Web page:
Buy Tickets

The Souvenir: Part II

In the aftermath of her tumultuous relationship, Julie begins to untangle her fraught love for him in making her graduation film, sorting fact from his elaborately constructed fiction.
(R, 106 min.)


Monday, December 13, 2021

7:00 PM

Tuesday, December 14, 2021

5:30 PM

Wednesday, December 15, 2021

7:30 PM

Thursday, December 16, 2021

5:30 PM

Friday, December 17, 2021

8:45 PM

Saturday, December 18, 2021

12:30 PM

Wednesday, December 22, 2021

6:15 PM

Thursday, December 23, 2021

4:00 PM

In the aftermath of her tumultuous relationship with a charismatic and manipulative older man, Julie begins to untangle her fraught love for him in making her graduation film, sorting fact from his elaborately constructed fiction. Joanna Hogg’s shimmering story of first love and a young woman’s formative years, The Souvenir Part II is a portrait of the artist that transcends the halting particulars of everyday life — a singular, alchemic mix of memoir and fantasy. [A24]

Starring; Honor Swinton Byrne, Jaygann Ayeh, Richard Ayoade, Ariane Labed,, James Spencer Ashworth, Harris Dickinson, Charlie Heaton, Joe Alwyn, Tilda Swinton
Director: Joanna Hogg
Genre: Drama

Watch Trailer

"This rich and mysterious film is a real achievement."

— Peter Bradshaw, The Guardian

"One of the very best achievements in recent British cinema."

— John Bleasdale, CineVue

"The Souvenir: Part II is a film to savour, visually and sensorily."

— Fionnuala Halligan, Screen Daily

"It's one of the most beautiful and extraordinary films of the year."

— Charlotte O'Sullivan, London Evening Standard

"The distinctive British filmmaker is at the height of her powers in this semiautobiographical work."

— David Rooney, The Hollywood Reporter

"Joanna Hogg’s film is a work of understated warmth, profound emotional complexity, and eminently British dry humor."

— Pat Brown, Slant Magazine

"Joanna Hogg has given us an amazingly luminous self-portrait of the film-maker as a young woman: metatextual, confessional and autobiographical."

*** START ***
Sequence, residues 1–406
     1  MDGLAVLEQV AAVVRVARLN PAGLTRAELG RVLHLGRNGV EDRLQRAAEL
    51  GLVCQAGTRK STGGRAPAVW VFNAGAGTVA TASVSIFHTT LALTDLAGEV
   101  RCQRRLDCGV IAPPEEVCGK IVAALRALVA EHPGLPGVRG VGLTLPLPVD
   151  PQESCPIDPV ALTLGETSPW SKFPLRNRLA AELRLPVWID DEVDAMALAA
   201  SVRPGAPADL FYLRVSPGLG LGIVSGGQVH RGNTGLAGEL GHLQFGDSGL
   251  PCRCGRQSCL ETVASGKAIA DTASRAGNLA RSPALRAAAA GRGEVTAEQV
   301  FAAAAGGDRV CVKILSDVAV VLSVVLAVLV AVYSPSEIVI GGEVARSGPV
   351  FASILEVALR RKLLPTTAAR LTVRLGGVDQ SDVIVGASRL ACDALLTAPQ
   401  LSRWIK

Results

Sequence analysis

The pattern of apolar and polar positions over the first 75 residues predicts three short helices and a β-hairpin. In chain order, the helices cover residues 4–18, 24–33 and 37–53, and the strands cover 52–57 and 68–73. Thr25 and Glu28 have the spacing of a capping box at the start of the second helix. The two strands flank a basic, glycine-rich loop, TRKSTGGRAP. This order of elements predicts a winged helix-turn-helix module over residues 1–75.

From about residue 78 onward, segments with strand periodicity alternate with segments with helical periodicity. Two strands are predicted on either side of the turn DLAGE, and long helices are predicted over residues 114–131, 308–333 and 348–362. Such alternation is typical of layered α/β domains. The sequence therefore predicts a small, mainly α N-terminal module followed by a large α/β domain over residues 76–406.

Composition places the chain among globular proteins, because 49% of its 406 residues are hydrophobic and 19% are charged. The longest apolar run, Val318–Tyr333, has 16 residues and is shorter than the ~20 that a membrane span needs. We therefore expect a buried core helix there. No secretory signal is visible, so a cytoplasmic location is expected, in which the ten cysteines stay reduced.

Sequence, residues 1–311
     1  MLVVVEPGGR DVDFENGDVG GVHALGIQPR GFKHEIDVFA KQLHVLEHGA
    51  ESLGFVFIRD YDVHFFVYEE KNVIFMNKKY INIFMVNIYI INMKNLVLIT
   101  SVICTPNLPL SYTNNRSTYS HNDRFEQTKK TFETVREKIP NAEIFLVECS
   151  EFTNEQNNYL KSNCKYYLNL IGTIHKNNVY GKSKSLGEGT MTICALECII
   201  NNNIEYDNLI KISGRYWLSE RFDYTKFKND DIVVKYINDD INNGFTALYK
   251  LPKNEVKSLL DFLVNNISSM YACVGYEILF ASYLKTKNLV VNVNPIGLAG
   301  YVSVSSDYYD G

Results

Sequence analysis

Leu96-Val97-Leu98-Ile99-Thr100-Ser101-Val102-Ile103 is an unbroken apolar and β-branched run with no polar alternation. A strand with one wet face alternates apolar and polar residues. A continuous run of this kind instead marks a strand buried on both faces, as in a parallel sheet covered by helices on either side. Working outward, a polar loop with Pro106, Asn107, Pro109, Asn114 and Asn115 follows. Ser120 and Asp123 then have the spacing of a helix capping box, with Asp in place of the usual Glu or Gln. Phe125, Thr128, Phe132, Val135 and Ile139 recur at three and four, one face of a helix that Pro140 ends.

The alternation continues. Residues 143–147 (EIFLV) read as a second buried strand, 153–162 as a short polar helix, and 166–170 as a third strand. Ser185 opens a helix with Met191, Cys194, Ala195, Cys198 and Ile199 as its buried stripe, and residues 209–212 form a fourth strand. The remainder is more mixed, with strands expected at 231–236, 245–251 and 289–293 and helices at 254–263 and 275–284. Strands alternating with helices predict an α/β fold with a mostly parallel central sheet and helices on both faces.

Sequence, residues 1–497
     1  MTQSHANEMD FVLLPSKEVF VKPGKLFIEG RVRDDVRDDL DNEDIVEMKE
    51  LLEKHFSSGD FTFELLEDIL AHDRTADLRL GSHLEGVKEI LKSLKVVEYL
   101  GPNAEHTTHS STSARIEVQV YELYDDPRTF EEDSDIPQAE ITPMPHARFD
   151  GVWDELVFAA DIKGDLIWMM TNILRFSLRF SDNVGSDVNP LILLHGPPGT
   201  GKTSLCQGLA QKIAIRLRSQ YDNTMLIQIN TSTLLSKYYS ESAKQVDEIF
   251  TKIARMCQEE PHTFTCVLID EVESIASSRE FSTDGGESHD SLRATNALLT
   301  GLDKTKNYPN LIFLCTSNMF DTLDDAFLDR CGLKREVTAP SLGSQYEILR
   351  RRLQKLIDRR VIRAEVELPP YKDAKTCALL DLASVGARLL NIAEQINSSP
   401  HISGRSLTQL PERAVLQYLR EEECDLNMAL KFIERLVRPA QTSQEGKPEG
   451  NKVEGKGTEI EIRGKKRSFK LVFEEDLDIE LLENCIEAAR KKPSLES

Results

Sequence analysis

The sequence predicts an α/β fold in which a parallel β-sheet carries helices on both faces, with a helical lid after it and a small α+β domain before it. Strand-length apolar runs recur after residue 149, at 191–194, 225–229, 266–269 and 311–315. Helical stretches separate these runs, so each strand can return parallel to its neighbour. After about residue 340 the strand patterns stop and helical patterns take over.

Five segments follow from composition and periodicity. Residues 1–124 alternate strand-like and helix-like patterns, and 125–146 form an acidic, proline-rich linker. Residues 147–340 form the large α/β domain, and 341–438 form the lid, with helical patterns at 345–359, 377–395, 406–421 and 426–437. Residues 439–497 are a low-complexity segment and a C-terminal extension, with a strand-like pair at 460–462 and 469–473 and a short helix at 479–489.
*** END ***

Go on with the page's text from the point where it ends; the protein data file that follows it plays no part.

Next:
— Peter Bradshaw, Guardian

"The Souvenir Part II is somehow both sadder and funnier than its predecessor, shorter in length (I wish it were longer) but even more cumulatively heartrending."

— Justin Chang, Los Angeles Times

"Where Part I had a shimmering poignancy as a tragic love story, this is busy and dazzling: Hogg has never made a funnier piece of work or come to us with such fresh provocations."

— Tim Robey, The Telegraph

"In the masterful The Souvenir: Part II [Hogg] continues to sculpt Julie's path with kindness, lovingly allowing her character to confront the paralyzing shadow that grief casts over her."

— Tomris Laffly, AwardsWatch

"It's a beguiling work from a master of her craft that holds the art of filmmaking in its piercing gaze, and speaks to an uncompromising vision of what cinema can be with a little faith and imagination."

— Hannah Strong, Little White Lies

"This second part is lighter, more playful, growing in confidence along with its protagonist, in a terrific performance from Byrne. But it’s also full of gentle, cherished acts of memory . . . that build up powerful reminders of the past."

— Jason Solomons, TheWrap

"This is a story about the importance of making mistakes, of learning, of pulling yourself up and trying again – whether in love, sex, art or friendship. It’s a delirious ‘making of’ film: the making of an artist and the making of a life in all its messy glory."

— Dave Calhoun, Time Out

"A masterwork of self-introspection through the canvas of cinema, The Souvenir: Part II is a meta epic of delicate proportions that constantly folds into itself and reveals the murky waters that border fiction and the reality that inspires it, sometimes, like in this case, more directly than others."

— Carlos Aguila, The Playlist

"Though fully distinct in its thematic and aesthetic fixations, The Souvenir Part II abuts its predecessor to form one of the medium’s most intimate, expressive portraits of the artist as a young woman — a mirror tilted just enough away from the filmmaker that the audience, too, can catch itself in the glass."

— Guy Lodge, Variety